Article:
ACM WEEK WITH Girl Interrupted - Country Girl Interrupted. PAGE 29 ¢â‚¬¢...

ACM WEEK WITH Girl Interrupted - Country Girl Interrupted. PAGE 29 ¢â‚¬¢ JUNE 2019 up, hair down, hair
ACM WEEK WITH Girl Interrupted - Country Girl Interrupted. PAGE 29 ¢â‚¬¢ JUNE 2019 up, hair down, hair
ACM WEEK WITH Girl Interrupted - Country Girl Interrupted. PAGE 29 ¢â‚¬¢ JUNE 2019 up, hair down, hair
download ACM WEEK WITH Girl Interrupted - Country Girl Interrupted. PAGE 29 ¢â‚¬¢ JUNE 2019 up, hair down, hair

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Transcript of ACM WEEK WITH Girl Interrupted - Country Girl Interrupted. PAGE 29 ¢â‚¬¢...

  • PAGE 28 • JUNE 2019


    Awards Week Schedule

    Friday 11am Westwood One


    2:40pm Pickup at MGM Grand

    3pm Filming w/ Cris s Angel

    4pm Return to MGM

    Saturday 10:30am NashVegas Liv

    e! Remotes

    12pm Lunch break

    1:30pm Crew Call: “Gir l” Rehearsal,

    MGM Grand Ga rden

    2:30pm Ashley Call: “G irl” Rehearsal

    3:30pm On-site intervi ews:

    ACM EPK, I

    3:40pm SiriusXM inter view

    7:30pm Eric, Ashley Ca ll: “Snake”


    Sunday 10:30am Ashley Call: Dr

    ess Rehearsal,

    MGM Grand Ga rden

    11am Dress Rehears al

    3:45pm Red Carpet

    5pm 54th ACM Awar ds

    All Ashley McBryde can eke out is a faint, “Hi.” Sitting in the WIL/St. Louis booth at the Westwood One remotes, she’s just been interrupted while reading liners. And in the best way possible.

    It’s a Las Vegas weekend of firsts and fun for the Academy of Country Music’s New Female Artist of the Year. First major award (she’s also nominated for Female Artist), not one but two performances, magic, reptiles, costumes, betting on bourbon and one stunning moment that left her at a loss for words.

    McBryde’s fi rst offi cial ACM experience – in 2018 – had her on the red carpet as a brand new artist. “It was a really good way to break me in for my fi rst major awards show,” she says. “I asked my publicist as we walked on to the carpet, ‘How do I stand?’ She says, ‘Stand like this but put your weight on that leg.’ Oh, okay. Now I know!”

    Just A Dream: Learning about her 2019 win for New Female Artist involved an “unknown caller” popping up on her phone. Adopting the gruff tone she reserves for robo-calls, McBryde was surprised by what she heard. “It’s an unmistakable voice,” she says. “There we are, burning trash in a barn lot and Carrie Underwood calls. You can’t make this shit up. It’s not in the video, but she did tell me I get to play my song on the show. The whole conversation was like spinning around in an offi ce chair.”

    McBryde was already aware she would be performing with Eric Church on his song “The Snake.” “That’s the fi rst song I heard from his new record and might be my favorite,” she says. “I’m always honored and surprised when Eric wants me to do something, so for him to trust me to help represent a song like that on the ACMs is super cool.”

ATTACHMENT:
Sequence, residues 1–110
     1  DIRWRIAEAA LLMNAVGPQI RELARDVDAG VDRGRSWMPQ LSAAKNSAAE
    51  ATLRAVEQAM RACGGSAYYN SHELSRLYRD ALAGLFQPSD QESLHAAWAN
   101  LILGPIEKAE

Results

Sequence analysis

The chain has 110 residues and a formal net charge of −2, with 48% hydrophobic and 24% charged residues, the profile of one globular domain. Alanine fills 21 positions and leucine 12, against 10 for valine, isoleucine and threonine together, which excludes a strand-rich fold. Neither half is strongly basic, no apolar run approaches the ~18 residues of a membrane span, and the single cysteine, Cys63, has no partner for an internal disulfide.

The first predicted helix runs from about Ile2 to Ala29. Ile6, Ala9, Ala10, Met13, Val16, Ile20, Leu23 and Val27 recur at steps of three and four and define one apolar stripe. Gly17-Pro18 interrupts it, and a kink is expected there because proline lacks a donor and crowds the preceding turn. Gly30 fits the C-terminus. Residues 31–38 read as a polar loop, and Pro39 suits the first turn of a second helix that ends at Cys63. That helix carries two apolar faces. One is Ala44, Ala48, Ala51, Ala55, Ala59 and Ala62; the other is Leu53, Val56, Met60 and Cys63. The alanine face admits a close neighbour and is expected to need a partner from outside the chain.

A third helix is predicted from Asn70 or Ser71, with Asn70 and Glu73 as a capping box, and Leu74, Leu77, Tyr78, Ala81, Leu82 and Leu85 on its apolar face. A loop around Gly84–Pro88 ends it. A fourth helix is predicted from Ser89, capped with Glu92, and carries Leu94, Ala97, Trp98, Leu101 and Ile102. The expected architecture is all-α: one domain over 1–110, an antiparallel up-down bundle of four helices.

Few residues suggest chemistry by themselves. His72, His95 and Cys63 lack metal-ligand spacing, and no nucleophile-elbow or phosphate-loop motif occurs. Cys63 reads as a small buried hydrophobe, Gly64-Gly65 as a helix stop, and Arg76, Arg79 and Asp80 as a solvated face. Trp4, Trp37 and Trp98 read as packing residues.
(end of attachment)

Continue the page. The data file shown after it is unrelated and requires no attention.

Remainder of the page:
The trickier performance is “Girl Goin’ Nowhere,” which has to be edited to fi t the shorter slots allotted to “New” category winners. “It’s a really weird thought process,” she admits. “Which limb don’t you want? You’re trying to stuff 3:50 into 1:50 and not stumble all over yourself. I focused on the song’s message and how short I could make it while still conveying that. So it was fi rst verse, chorus, bridge. You can take the song out that way. My fi rst try I got it down to 2:46, then we got it down to 1:42. I didn’t want it to feel like a Pop-Tarts commercial, and it doesn’t.”

    Turn On The Radio: Arriving Thursday night, McBryde kicks off her schedule the next morning at the remotes, where she does a station-supplied shot of tequila before the aforementioned incident happens. She’s just fi nished an interview with WIL’s morning team, who have cleared out as she sits with a microphone reading liners. “Hey this is Ashley McBryde on New Country Ninety-Two (voice trails off) ... Three?”

    Suddenly, Reba McEntire is in the booth, leaning over the mic. “Hi, Ashley McBryde, this is Reba McEntire, I’m your biggest fan.” A quick hug, and Reba’s back out as fast as she appeared, continuing on her interview rounds. Cue McBryde’s weakly croaked, “Hi.”

    “I’m sweating,” she says moments later, still recovering from her fi rst time meeting the Country Music Hall of Famer. “Between the tequila and that Reba McEntire just hugged me ... watch me not stutter now.” The meeting happened so fast, no one grabbed video or a photo. Fortunately, WIL captured the audio.

    After the remotes, a profi le with ET Canada presents her with a decision. “They said, you can choose between a puppet show and an illusion,” she says. “I’m like, wait. Stop. Both are magical.” Later she adds, “That was a rapid fi re question one time in an interview: ‘What makes you nervous?’ Ventriloquism. That’s some weird shit. Getting your voice to come out of your body and go into something else.”